A controversy over John Paul II’s legacy looks set to spur some undecided voters in Polish elections due by November, political analysts say, as allegations that the late pope concealed child abuse deepen rifts in the predominantly Catholic country.
Claims in a new book and TV documentary that the late pope, born Karol Wojtyla, knowingly hid clerical pedophilia scandals as archbishop of Krakow have led some Poles to demand that his legacy be reassessed.
This has provoked a furious response from religious conservatives, with politicians from the ruling nationalists Law and Justice (PiS) defending John Paul II in the face of what they say is a left-wing plot to discredit the nation’s biggest moral authority.
“Defending the pope’s stance, even against documents and facts, may be crucial for those that in normal circumstances would not have voted, but in this case they might go to defend John Paul II’s legacy,” Olgierd Annusewicz, a political scientist at Warsaw University, told Reuters.
Support for PiS has risen by 3 points to 31%, a March 14-16 Kantar opinion poll for private broadcaster TVN24 showed, while liberal opposition party Civic Platform (PO) has fallen 3 points to 26%.
While political analysts say it is too early to attribute this to the papal controversy, a PiS’ vocal stance backed by a resolution passed in the lower house of parliament on March 9 to defend his name has pushed the issue onto the election agenda.
“I’m not a ruling party supporter, but others that were not backing it till now may change their minds because our pope is being insulted,” pensioner Elzbieta Molag, 67, told Reuters in Krakow.
The opposition PO abstained from voting on the resolution. Its leader, Donald Tusk, said on March 19 that pedophilia in church cannot be excused but should not be a reason to question the pope’s role in Polish political history.
The Polish Catholic church urged Poles to respect the late pope’s memory, saying that a review of its archives did not confirm the accusations against the church hierarchy, adding that some files could be opened in future. The Vatican has not responded to requests for comment about the allegations in the book, called “Maxima Culpa.”
“Opening the files that contain sensitive personal data requires care and consent from a local bishop, and possibly also the Vatican. It won’t be a quick process,” priest Lukasz Michalczewski, spokesman for the archbishop of Krakow, told Reuters.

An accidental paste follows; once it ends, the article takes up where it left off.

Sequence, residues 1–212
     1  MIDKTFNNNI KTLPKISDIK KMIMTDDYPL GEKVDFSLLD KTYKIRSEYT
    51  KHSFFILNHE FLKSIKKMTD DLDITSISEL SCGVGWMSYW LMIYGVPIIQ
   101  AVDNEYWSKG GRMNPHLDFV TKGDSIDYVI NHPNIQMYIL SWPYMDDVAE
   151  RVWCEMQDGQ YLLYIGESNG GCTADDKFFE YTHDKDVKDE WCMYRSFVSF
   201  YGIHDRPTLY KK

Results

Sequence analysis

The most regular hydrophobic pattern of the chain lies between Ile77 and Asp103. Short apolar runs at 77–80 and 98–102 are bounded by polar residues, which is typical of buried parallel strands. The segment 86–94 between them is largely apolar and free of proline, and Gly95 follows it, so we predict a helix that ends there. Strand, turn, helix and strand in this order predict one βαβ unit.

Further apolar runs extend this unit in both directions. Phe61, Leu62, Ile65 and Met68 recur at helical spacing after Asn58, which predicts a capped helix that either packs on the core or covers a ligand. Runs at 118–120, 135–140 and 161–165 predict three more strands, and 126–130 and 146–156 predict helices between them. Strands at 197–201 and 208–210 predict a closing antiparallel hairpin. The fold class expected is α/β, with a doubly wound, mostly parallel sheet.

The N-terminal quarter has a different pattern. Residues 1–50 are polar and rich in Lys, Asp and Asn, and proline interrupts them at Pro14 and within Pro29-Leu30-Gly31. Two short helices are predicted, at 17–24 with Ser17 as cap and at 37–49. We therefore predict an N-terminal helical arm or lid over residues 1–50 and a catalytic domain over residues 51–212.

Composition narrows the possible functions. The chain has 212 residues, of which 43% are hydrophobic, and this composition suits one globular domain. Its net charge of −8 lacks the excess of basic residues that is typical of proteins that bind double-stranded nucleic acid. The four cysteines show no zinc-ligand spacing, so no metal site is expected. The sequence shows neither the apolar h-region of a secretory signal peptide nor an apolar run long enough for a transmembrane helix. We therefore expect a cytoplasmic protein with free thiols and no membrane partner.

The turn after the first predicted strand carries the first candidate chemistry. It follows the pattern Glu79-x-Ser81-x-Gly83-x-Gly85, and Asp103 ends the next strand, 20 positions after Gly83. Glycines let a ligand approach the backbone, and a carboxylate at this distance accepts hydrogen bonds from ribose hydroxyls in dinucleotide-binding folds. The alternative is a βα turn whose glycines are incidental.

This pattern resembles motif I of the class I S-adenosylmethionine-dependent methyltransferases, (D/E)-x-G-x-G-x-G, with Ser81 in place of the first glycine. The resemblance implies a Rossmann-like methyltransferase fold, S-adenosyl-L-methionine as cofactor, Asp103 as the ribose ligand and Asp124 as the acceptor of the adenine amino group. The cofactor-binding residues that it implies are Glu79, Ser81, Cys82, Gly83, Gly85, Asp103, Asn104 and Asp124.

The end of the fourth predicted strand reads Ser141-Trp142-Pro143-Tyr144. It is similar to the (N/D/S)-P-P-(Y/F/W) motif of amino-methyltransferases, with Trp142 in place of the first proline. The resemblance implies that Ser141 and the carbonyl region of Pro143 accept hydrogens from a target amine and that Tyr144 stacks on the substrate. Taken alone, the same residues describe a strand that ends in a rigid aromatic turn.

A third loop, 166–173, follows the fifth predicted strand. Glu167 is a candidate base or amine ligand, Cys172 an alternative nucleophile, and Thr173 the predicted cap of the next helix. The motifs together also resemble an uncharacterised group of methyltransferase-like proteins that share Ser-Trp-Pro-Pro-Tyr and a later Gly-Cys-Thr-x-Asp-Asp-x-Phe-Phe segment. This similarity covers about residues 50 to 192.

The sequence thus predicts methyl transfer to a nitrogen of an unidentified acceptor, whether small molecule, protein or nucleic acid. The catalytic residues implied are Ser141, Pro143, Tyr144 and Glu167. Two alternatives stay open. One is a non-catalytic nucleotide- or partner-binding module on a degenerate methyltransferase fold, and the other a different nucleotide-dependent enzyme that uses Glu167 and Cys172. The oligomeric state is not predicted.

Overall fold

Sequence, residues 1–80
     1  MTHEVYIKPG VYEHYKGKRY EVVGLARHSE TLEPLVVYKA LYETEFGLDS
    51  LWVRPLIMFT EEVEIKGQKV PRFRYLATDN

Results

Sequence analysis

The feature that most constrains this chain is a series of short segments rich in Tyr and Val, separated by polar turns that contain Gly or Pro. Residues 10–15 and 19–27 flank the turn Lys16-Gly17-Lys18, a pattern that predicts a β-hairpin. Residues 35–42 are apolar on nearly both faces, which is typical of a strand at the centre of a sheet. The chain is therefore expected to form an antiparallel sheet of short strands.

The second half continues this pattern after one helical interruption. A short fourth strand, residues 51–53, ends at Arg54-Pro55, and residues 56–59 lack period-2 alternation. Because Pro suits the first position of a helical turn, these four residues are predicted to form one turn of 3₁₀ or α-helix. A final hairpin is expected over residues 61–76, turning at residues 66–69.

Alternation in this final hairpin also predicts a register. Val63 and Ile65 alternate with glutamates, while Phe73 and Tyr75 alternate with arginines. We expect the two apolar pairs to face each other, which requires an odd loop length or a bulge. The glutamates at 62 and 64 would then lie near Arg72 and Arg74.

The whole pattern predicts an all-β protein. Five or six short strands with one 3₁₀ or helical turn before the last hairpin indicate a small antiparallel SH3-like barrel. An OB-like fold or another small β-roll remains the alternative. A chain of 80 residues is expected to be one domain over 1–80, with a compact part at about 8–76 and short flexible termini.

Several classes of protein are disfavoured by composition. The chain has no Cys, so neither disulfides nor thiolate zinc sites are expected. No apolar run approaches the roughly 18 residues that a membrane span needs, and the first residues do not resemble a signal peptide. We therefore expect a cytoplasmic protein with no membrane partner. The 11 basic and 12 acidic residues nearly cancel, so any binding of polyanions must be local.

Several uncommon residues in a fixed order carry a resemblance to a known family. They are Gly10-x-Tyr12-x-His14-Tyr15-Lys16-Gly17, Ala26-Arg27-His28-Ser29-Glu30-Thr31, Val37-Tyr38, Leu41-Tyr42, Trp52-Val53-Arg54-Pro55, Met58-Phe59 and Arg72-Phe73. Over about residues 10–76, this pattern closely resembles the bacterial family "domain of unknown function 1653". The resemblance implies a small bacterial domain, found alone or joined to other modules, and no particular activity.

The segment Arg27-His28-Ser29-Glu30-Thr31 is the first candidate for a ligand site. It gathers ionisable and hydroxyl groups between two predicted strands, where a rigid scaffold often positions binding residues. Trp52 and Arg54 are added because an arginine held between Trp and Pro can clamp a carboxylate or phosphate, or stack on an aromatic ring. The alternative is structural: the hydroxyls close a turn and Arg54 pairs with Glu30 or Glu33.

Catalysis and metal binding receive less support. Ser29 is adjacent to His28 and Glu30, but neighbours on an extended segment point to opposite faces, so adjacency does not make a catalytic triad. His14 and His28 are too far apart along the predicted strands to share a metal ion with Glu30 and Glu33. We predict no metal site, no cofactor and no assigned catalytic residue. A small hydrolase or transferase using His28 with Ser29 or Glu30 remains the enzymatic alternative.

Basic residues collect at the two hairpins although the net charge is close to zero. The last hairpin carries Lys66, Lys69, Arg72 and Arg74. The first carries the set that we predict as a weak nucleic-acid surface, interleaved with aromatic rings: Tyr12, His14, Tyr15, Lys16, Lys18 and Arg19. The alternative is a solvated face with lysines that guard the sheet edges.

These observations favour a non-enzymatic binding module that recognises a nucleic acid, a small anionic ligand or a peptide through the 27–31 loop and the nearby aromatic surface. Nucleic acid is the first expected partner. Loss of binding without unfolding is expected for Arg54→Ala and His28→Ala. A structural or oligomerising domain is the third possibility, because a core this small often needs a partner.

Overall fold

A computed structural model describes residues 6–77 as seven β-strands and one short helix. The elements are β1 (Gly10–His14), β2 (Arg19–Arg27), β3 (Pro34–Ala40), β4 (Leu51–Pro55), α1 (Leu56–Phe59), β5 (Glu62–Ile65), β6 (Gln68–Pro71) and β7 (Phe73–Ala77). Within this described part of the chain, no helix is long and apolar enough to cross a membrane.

The account of Slawomir Mastek, a 56-old photographer from the late pope’s hometown Wadowice, opens the book by a Dutch investigative journalist published on March 8. Mastek said he was molested by two priests when he was a 13-year-old altar boy.
While one of the priests acknowledged his guilt, when Mastek confronted the church about the other case in 2011, he says local priests banned him from filming religious ceremonies and he lost up to 80% of his business.
Michalczewski said he was not familiar with Mastek’s case, adding that the church has apologized to those that feel hurt by its actions and is ready to apologize again.
Mastek’s studio on John Paul II central square Wadowice remains open but he now makes his living renovating houses. With elections due in autumn, he worries the politicization of the issue will delay justice for other victims.
“If politicians want to help they should speak to the church so that it finally starts dialogue and opens its archives,” Mastek told Reuters.
In the 1980s, the Catholic Church was a voice of freedom in Poland, inspiring people to stand up against communist rule.
However, it is slowly losing ground partly due to clerical sex abuse scandals, and accusations of cover-ups that have rocked the Church in recent years not only in Poland but in many countries, and involved John Paul II’s successors. As many as 70% of Poles support abortion rights, up 17 points since 2019, and children’s attendance at religion classes has been falling since 2010, polls show.
Filip Kaczynski, a PiS lawmaker from Wadowice, said he has not seen the documentary but is convinced it aims to smear the late pope.
“Given that it was aired by a TV station that is openly supporting the opposition it’s not an accident, it’s an attack on the church that may be part of a political infighting,” he said.
In Wadowice, the Museum of the Family Home of John Paul II has no plans to include the controversy, Deputy Director Katarzyna Coufal-Lenczowska said.
“You can’t redefine the most important values and that’s what this exhibit is about,” she told Reuters.
However, despite around three dozen people in Wadowice refusing to comment on camera, some residents voiced criticism of the town’s relationship with the church.
“In Wadowice everybody knows each other and PiS rule here, so if somebody works in a school or a public institution and talks loudly about their views they could face consequences,” a 46-year-old woman working as a freelance tutor told Reuters on condition of anonymity.